December 7, 2009 at 6:46 pm #55329
The ministrette for the Medio Ambiente at the Junta de Andalucia got interviewed by El País today. She was asked about the 22 storey hotel El Algarrobico stopped while almost completed by Cristina Narbona several years ago, since the offending hotel was built on the shoreline and in a parque natural.
Not all that far away, by chance, from what used to be the home of the Priors.
Anyhow, despite various tooing and froing, the hotel appears to remain, not quite ready to complete, not quite ready to tear down. An eyesore.
So, Cinta Castillo says… ‘look, it’s not doing any damage to the local flora and fauna’.
Well, no, as long as it stays shut and rotting away, I suppose you could argue that.
December 7, 2009 at 9:46 pm #95448
Lenox, I don’t understand; you campaign for the legalisation of the thousands of illegal homes in the area (almeria, Valencia, Murcia) bought by your countrymen yet you seem to be expressing concern that this monstrosity might be allowed to remain ….
December 8, 2009 at 9:24 am #95454
well, the use of the word ‘illegal’ isn’t really very clear in Spain.
Many of the houses here are termed ‘ilegal‘ by the Junta de Andalucía, ‘legal‘ by the local authorities and now ‘alegal‘ (sort of: “illegalish”) by some from those two groups who are seeking a compromise.
I am not equipped to argue that Spain should or shouldn’t have houses all over the place, but almost none of these ‘viviendas ilegales’ are in strikingly interesting places. They are typically in small moribund interior towns which readily need the imput of inhabitants, jobs and, of course, money. Most are many kms away from the playas.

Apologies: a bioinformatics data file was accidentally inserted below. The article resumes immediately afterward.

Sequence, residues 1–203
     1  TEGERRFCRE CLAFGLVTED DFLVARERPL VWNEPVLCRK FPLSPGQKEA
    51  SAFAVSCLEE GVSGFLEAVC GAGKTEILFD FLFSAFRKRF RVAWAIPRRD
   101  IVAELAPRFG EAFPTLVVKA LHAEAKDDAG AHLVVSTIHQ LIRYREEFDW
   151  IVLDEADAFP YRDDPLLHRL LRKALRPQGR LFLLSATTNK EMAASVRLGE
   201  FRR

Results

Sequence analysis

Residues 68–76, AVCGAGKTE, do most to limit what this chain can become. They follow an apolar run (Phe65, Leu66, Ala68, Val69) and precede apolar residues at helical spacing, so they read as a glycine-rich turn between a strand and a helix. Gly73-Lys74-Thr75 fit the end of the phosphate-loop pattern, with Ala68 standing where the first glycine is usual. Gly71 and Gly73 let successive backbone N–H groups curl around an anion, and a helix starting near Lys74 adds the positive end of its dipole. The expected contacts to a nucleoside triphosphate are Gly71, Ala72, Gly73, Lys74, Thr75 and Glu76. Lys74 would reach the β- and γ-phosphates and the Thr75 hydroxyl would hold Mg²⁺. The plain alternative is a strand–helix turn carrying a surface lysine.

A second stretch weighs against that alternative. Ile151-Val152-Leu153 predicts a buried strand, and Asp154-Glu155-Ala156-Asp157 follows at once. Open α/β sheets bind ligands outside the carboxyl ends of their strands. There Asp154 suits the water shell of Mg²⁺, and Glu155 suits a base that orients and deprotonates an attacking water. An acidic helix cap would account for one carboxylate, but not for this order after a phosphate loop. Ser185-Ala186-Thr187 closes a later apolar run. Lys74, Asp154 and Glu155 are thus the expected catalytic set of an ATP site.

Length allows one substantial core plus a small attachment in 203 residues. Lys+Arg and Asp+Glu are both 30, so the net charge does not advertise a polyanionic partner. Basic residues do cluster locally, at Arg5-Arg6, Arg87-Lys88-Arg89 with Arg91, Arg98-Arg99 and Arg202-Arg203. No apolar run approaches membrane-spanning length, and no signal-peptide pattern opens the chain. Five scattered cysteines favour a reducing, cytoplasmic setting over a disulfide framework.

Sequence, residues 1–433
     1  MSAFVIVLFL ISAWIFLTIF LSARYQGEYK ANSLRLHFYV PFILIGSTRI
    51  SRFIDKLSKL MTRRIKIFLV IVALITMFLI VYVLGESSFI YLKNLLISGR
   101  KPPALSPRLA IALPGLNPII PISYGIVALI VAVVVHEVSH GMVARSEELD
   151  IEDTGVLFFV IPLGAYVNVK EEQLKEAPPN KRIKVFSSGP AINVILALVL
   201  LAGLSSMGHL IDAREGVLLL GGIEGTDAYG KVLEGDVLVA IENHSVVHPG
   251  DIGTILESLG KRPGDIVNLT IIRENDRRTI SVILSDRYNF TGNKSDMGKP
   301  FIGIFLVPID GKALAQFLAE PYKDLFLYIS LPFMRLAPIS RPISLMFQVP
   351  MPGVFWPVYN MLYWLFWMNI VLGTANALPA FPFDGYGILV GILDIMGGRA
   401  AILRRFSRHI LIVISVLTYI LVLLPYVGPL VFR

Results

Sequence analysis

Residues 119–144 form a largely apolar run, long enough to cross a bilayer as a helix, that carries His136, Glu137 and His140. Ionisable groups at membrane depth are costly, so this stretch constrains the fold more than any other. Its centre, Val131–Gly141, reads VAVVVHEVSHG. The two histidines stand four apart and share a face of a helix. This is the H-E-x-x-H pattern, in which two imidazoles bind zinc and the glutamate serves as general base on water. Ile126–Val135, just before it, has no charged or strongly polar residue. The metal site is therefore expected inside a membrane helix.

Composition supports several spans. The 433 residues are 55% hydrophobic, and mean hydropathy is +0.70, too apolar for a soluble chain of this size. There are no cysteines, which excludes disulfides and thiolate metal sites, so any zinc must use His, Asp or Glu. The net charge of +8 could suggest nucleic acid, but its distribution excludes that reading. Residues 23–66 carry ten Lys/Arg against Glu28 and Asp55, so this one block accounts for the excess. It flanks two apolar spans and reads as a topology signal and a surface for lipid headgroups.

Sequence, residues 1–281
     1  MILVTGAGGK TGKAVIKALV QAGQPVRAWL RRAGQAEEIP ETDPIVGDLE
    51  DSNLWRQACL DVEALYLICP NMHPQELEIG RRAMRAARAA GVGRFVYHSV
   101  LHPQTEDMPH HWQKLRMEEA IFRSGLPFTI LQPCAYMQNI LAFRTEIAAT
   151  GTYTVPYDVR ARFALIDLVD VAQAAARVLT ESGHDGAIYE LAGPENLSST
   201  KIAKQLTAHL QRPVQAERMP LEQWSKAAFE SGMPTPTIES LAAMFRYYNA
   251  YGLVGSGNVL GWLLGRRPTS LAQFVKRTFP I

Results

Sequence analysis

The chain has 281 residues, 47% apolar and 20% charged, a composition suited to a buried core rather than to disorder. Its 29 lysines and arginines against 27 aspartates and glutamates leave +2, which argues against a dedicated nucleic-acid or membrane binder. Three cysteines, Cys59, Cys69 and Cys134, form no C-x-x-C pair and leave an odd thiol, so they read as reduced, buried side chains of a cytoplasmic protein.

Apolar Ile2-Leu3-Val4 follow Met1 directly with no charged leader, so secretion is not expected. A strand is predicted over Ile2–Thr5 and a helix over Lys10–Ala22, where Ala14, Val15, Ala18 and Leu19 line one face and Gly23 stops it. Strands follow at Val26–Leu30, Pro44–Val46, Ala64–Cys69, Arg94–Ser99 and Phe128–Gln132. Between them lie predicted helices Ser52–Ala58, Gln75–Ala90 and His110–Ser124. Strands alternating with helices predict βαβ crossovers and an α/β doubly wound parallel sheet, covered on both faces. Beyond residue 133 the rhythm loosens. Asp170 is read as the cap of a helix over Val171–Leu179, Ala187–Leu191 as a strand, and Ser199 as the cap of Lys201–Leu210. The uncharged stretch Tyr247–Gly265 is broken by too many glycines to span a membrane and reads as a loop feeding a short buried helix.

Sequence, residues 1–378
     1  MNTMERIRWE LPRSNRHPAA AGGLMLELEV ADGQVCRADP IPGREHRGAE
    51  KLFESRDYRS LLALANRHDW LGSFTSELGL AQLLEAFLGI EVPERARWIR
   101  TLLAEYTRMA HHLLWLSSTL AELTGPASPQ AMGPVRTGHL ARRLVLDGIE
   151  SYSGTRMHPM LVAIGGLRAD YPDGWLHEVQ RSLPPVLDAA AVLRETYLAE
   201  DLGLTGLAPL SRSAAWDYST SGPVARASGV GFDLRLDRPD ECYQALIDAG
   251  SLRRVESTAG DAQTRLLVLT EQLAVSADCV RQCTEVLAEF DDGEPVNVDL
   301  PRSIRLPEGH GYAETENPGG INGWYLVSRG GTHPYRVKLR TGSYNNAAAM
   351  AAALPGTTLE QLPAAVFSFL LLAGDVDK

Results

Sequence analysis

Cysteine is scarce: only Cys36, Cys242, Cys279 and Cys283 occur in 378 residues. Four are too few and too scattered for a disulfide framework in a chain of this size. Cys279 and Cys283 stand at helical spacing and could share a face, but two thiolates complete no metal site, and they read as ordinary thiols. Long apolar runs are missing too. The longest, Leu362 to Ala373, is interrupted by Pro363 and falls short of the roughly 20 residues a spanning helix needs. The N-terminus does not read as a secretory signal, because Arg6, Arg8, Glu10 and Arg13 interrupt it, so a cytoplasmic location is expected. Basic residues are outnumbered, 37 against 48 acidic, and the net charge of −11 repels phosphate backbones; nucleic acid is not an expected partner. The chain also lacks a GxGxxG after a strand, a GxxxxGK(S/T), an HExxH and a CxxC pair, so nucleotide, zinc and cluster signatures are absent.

The Prior’s house is/was, exceptionaly, only about 5kms from the beach, in a quiet area with some few other homes, behind Vera.
Each of these thousands of homes has an owner, a family, some dreams. They were bought by people who (I think, bravely) wished to leave Britain (or wherever they are from) to find a decent place for their later years.
The Hotel Algarrobico, 22 stories high, built in a natural park and on the seashore, tearing down a great swath of mountain in a scenic viewpoint, is, in my view, a very different situation.
But, it’s not that it is deemed illegal by the national government and propped up by local and regional PSOE barons, excoriated by Greenpeace and so on, it’s that, because everyone is frightened of the compensation necessary, no one dares take responsability to knock it down. So it stays there… rotting.
Compensation? Afraid so. Not like the Priors!
Both if these stories – behemoth of a hotel and ‘thousands of illegal homes’ are making Spain look very foolish abroad.
December 9, 2009 at 4:11 pm #95499
Are the Priors still living in their ‘legal’ garage ?
December 9, 2009 at 7:05 pm #95505
Yes. Their garage was on a different town hall building permit so it wasn’t on the demolition order. They also saved the garden shed – now doing duty as the shower/thunder box facility.
December 10, 2009 at 2:01 pm #95535
Lenox, I can never understand why so many thousands of affected buyers don’t join up and form a platform to assault the authorities????